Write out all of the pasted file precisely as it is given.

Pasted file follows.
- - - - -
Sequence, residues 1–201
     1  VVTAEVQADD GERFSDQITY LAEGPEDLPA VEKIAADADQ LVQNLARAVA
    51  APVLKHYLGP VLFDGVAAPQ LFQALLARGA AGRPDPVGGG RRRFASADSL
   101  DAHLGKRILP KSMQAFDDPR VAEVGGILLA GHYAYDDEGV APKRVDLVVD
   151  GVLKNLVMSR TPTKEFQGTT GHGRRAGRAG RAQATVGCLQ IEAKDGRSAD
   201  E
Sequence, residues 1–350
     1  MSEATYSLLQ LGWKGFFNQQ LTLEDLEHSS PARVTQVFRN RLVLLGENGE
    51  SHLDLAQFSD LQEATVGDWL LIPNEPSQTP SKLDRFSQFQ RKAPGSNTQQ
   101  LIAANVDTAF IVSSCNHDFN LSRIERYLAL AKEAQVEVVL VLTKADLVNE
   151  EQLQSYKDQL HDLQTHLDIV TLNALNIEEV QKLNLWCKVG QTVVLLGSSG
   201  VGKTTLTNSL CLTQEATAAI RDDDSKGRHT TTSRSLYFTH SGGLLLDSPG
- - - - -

Sequence, residues 1–201
     1  VVTAEVQADD GERFSDQITY LAEGPEDLPA VEKIAADADQ LVQNLARAVA
    51  APVLKHYLGP VLFDGVAAPQ LFQALLARGA AGRPDPVGGG RRRFASADSL
   101  DAHLGKRILP KSMQAFDDPR VAEVGGILLA GHYAYDDEGV APKRVDLVVD
   151  GVLKNLVMSR TPTKEFQGTT GHGRRAGRAG RAQATVGCLQ IEAKDGRSAD
   201  E
Sequence, residues 1–350
     1  MSEATYSLLQ LGWKGFFNQQ LTLEDLEHSS PARVTQVFRN RLVLLGENGE
    51  SHLDLAQFSD LQEATVGDWL LIPNEPSQTP SKLDRFSQFQ RKAPGSNTQQ
   101  LIAANVDTAF IVSSCNHDFN LSRIERYLAL AKEAQVEVVL VLTKADLVNE
   151  EQLQSYKDQL HDLQTHLDIV TLNALNIEEV QKLNLWCKVG QTVVLLGSSG
   201  VGKTTLTNSL CLTQEATAAI RDDDSKGRHT TTSRSLYFTH SGGLLLDSPG